A rabbi who worked with the BBC for some 30 years has resigned due to a “crisis over antisemitism” at the publicly-funded British broadcaster.
Rabbi YY Rubinstein, who has appeared on many BBC programs, including a religious affairs show on BBC Radio Two, wrote in a resignation letter shared on Facebook on Monday, “I simply don’t see how I or in fact any Jew who has any pride in that name can be associated with the Corporation anymore.”
Rubinstein said he was motivated by an incident that took place on Nov. 29 in London, when several men surrounded a bus carrying Jewish teenagers celebrating Hanukkah and spit at them, made Nazi salutes, screamed “Free Palestine,” and banged on the vehicle’s windows.
In its coverage of the incident, the BBC claimed that the Jewish youths inside the bus responded to their assailants with anti-Muslim slurs, an allegation that was forcefully rejected by community leaders.
Multiple sources later revealed that a phrase BBC producers had apparently heard as “dirty Muslim” was in fact a mishearing of a Hebrew phrase — “tikra lemishehu, ze dachuf” — which in English means, “call someone, it’s urgent.” This was confirmed by two expert reports commissioned by the Board of Deputies of British Jews, which represents the local Jewish community.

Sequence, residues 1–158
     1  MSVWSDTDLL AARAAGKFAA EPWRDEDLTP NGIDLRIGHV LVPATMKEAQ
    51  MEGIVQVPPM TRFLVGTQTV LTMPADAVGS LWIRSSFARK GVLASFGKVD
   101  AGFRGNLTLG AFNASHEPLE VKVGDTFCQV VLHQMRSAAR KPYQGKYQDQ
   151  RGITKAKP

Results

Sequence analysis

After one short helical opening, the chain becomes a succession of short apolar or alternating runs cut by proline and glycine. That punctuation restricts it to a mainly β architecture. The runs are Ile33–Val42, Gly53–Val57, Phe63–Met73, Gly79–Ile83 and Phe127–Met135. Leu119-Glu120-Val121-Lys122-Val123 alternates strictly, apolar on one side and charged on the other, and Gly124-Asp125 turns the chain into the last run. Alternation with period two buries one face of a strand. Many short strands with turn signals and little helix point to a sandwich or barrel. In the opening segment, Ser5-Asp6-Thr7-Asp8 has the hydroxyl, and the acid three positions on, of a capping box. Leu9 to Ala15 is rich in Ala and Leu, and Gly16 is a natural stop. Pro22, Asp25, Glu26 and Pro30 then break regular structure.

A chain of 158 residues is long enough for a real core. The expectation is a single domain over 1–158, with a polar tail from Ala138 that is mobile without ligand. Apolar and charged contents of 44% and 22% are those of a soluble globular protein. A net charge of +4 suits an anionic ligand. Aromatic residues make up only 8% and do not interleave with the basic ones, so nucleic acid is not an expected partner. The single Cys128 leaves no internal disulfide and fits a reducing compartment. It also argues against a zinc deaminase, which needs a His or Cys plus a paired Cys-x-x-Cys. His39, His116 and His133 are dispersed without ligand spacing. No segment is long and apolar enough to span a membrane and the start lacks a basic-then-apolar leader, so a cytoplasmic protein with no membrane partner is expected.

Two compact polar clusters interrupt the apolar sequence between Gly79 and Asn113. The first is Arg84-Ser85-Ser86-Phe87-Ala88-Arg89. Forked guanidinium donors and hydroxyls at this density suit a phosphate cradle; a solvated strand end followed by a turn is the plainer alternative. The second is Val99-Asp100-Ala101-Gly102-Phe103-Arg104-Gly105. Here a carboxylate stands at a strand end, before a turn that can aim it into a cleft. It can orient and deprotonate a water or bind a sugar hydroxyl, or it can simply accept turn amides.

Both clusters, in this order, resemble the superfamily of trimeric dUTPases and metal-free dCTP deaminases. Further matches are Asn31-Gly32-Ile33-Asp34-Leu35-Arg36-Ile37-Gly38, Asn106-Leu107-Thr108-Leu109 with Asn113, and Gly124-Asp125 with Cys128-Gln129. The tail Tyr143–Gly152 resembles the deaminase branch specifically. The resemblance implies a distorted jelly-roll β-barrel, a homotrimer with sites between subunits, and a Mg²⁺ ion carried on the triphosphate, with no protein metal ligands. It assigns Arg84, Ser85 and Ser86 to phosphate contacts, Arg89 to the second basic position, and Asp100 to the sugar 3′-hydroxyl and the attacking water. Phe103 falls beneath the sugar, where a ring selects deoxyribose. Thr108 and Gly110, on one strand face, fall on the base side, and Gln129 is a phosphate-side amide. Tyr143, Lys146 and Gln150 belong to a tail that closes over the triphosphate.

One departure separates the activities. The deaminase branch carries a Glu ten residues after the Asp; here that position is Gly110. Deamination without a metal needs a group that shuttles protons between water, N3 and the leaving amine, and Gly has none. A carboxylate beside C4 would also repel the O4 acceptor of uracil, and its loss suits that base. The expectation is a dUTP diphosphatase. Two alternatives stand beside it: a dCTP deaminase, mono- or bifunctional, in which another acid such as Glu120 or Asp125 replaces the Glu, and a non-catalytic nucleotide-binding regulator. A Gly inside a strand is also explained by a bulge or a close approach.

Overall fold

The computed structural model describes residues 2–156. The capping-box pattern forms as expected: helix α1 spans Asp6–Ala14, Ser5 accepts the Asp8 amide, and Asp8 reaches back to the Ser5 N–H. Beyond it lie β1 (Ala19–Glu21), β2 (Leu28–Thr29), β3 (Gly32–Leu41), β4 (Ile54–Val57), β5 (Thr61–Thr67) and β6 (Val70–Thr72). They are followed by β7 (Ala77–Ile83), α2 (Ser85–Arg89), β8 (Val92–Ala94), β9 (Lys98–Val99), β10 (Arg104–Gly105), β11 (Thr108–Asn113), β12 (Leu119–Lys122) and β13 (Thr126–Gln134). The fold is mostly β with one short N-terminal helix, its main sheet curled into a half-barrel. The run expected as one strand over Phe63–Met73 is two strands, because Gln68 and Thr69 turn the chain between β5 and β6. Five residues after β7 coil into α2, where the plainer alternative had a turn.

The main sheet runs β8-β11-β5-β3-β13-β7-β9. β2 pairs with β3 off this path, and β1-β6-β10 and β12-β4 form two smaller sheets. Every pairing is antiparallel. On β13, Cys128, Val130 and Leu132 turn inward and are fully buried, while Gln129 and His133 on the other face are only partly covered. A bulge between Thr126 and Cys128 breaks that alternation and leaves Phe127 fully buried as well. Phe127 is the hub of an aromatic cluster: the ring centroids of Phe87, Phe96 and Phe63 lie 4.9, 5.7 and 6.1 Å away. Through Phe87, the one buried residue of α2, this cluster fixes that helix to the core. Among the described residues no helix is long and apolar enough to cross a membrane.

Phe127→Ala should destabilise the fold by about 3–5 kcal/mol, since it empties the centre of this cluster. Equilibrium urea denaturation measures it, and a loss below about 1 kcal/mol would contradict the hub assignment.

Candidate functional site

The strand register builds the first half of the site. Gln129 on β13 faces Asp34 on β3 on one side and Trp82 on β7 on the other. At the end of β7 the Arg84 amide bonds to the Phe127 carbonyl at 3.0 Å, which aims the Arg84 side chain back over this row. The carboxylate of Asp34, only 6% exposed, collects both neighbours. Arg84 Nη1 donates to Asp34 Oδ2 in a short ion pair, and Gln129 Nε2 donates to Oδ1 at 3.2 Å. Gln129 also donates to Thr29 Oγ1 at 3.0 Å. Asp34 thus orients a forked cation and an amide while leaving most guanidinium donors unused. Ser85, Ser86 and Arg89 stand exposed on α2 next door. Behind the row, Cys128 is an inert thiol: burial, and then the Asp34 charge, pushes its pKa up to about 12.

“The current crisis over antisemitism at the Corporation and its attempts to turn the victims of the recent antisemitic attack on Jewish children in London and claim that the victims were actually the perpetrators, was and is inexcusable,” Rubinstein said. “The obfuscation, denial that followed, was and is utterly damning.”
In a statement to the Jewish Chronicle, a BBC spokesperson responded, “We are sorry to hear of Rabbi YY Rubinstein’s decision as he has always provided thoughtful and compassionate contributions to our programs, which have been deeply appreciated by our listeners.”
“Antisemitism is abhorrent and we strive to serve the Jewish community, and all communities across the UK, fairly,” they said.
Last month, the broadcaster was ranked third on the Simon Wiesenthal Center’s “Global Antisemitism” top ten list.